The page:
Labour productivity, hourly compensation and unit labour cost, third quarter 2018
Third quarter 2018
Labour productivity rises at a slower pace compared with the second quarter
Labour productivity of Canadian businesses increased 0.3% in the third quarter, following a 0.7% gain in the second quarter.
This slower growth in productivity reflected the slowdown in business output, while hours worked rose after posting no change in the previous quarter.
Real gross domestic product (GDP) of businesses rose 0.5% in the third quarter, after increasing 0.7% in the second quarter. Output growth in the third quarter was moderated by a decrease in goods-producing businesses (-0.2%), with declines in construction and mining, quarrying and oil and gas extraction. Growth of service-producing businesses (+0.7%) continued at a similar pace as the previous quarter.
Hours worked in the business sector edged up 0.2% in the third quarter, following no change in the second quarter. The 0.5% increase in hours worked in service-producing businesses more than offset the 0.5% decline in goods-producing businesses. Hours worked increased in 9 of the 16 main industry sectors. Arts, entertainment and recreation (+3.1%) and transportation and warehousing services (+1.6%) posted the largest gains. Conversely, agriculture and forestry (-3.7%), real estate services (-1.1%) and the mining, quarrying and oil and gas extraction sector (-1.0%) showed the largest decreases.
Productivity in goods-producing businesses rose 0.3%, following a 1.2% gain in the second quarter. Service-producing businesses grew 0.2%, after increasing 0.6% in the previous quarter.
Declines in arts, entertainment and recreation (-4.3%), construction (-1.9%), and transportation and warehousing services (-0.5%) and mining, quarrying and oil and gas extraction (-0.4%) moderated the overall growth in productivity in the third quarter. Finance and insurance and professional services were essentially unchanged. However, there were significant productivity gains in agriculture and forestry (+3.6%), real estate services (+2.3%) and manufacturing (+1.2%).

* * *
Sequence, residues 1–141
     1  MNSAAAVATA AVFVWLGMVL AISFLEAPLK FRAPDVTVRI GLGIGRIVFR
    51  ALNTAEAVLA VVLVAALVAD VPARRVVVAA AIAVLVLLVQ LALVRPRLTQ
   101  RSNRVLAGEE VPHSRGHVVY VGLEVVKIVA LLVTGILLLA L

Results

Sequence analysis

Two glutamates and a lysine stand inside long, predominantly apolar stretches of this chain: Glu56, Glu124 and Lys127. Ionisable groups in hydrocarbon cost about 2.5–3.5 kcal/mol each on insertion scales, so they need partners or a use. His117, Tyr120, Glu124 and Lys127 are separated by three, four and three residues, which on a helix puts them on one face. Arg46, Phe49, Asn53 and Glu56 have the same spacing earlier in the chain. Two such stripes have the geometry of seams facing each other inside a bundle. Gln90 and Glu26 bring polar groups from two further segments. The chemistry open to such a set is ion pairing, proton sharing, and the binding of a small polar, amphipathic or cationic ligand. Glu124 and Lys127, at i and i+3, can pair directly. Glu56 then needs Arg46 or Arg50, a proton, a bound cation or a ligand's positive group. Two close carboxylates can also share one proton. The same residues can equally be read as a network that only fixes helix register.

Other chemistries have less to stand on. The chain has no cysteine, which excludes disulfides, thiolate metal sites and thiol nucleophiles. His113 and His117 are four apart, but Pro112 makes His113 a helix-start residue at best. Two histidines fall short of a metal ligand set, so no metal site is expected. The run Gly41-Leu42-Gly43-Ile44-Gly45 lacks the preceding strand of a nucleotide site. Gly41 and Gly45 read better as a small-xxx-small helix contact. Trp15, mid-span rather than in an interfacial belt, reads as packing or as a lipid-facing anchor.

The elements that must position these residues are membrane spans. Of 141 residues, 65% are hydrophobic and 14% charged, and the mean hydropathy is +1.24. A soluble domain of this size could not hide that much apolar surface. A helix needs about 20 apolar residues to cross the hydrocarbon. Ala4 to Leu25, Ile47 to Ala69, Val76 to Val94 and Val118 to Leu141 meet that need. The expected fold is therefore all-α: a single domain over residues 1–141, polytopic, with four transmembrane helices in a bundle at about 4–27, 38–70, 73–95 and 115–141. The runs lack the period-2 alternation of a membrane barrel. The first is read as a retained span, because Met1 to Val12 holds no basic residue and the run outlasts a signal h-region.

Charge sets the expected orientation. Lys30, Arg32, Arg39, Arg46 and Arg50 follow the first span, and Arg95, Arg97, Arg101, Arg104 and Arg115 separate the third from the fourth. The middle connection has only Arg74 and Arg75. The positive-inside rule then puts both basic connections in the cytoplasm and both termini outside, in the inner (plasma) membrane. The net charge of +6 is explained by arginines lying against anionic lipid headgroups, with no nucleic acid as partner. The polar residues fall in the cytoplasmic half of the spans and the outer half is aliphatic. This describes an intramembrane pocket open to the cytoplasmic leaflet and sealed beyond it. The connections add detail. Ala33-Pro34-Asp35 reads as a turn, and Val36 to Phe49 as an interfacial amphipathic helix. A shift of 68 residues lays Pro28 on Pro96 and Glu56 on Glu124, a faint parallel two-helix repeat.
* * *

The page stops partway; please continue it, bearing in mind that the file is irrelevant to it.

In the United States, labour productivity of businesses grew 0.5% after rising 0.9% in the previous quarter. Real GDP of American businesses (+1.0%) increased at a slower pace in the third quarter than in the second (+1.2%), while hours worked (+0.5%) increased at a similar pace (+0.4%).
Unit labour costs increase following a decline in the second quarter
Labour costs per unit of output in Canadian businesses increased 0.2% in the third quarter, after falling 0.6% in the second quarter.
The rise in unit costs was due to a 0.5% increase in the average compensation per hour worked, which exceeded the growth in productivity (+0.3%).
In the third quarter, hourly compensation grew 0.7% in goods-producing businesses and 0.4% in service-producing businesses. Agriculture and forestry (+3.1%) and real estate services (+2.6%) had the largest gains, while arts, entertainment and recreation (-0.9%) and transportation and warehousing services (-0.7%) posted the largest declines.
The average value of the Canadian dollar relative to the US dollar declined for a second consecutive quarter, down 1.2% in the third quarter. As a result, unit labour costs expressed in US dollars for Canadian businesses fell 1.0%, a second straight quarterly decline.